Learn more about CAP’s new core writing and research courses!

The Coordinated Arts Program (CAP) is excited to introduce its new core courses, CAP 100 and CAP 101. One or both of these courses will be offered in all CAP streams starting in September 2024. These are seminar courses with small class sizes (~20-25 students per section) available exclusively to CAP students. CAP 100 (formerly ASTU 101) is an introduction to scholarly research and writing; it fulfills the Faculty of Arts writing requirement. CAP 101 (a new course based on our previous ASTU 100) invites students to apply their research and writing skills to literary, cultural, and media analysis.

These courses tailor readings and discussions to the stream theme (e.g. “Law and Society” or “Media Studies”) so students can explore the topics that most interest them as they develop their competence in university writing, research, and critical thinking.

In most streams, CAP 100 and 101 are offered in sequence with the same students and instructor staying together all year; this allows students the opportunity to develop ideas and relationships over the entirety of their first-year. The courses have been designed to teach incoming UBC students the fundamentals of research and writing at UBC as well as how to approach relevant issues in our world with an analytical eye.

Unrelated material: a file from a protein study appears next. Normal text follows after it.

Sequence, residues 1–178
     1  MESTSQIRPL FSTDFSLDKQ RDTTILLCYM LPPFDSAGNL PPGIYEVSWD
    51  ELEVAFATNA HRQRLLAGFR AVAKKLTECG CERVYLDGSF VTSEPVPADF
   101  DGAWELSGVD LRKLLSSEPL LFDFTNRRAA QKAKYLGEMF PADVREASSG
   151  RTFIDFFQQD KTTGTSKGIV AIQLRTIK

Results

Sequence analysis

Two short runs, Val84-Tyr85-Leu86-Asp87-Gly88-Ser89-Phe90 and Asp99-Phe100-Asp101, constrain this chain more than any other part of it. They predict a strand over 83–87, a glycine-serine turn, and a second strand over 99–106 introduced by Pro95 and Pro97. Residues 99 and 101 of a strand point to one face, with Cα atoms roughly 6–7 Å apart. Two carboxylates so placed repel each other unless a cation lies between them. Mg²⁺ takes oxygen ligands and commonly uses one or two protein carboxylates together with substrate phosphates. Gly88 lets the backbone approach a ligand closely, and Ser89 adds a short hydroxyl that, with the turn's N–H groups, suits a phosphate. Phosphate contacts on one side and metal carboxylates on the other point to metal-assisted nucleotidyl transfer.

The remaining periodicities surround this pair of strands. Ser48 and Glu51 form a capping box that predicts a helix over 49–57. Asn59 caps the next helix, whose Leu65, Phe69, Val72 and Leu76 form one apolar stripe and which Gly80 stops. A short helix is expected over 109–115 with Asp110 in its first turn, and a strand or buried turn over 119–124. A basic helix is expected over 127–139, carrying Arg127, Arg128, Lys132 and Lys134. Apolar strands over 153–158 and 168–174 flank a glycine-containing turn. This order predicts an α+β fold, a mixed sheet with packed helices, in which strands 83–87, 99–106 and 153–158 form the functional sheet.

Most sections of these courses will also offer students a chance to try Community Engaged Learning (CEL). CEL is important to CAP (learn more here) as it connects classroom learning to communities and community-issues beyond the university. Students taking CAP 100 and 101 will be given optional opportunities to engage with communities beyond their classroom. For example, students may be invited to share their research in CAP’s student journal (The Capsule), or conference (CAPCON) or participate in our partnership with the UBC Learning Exchange.

“In surveys, former CAP students have told us that our core courses (CAP 100 and 101 are updated versions of our previous core courses ASTU 100 and 101) turn out to be their unexpected favourites in first year. As one student said, these courses prepared them 'to tackle academic writing and research,' 'ask effective questions,' and gain skills 'applicable in all . . . research papers.' Another student has praised the 'quality of discussions' that took place in these core courses.”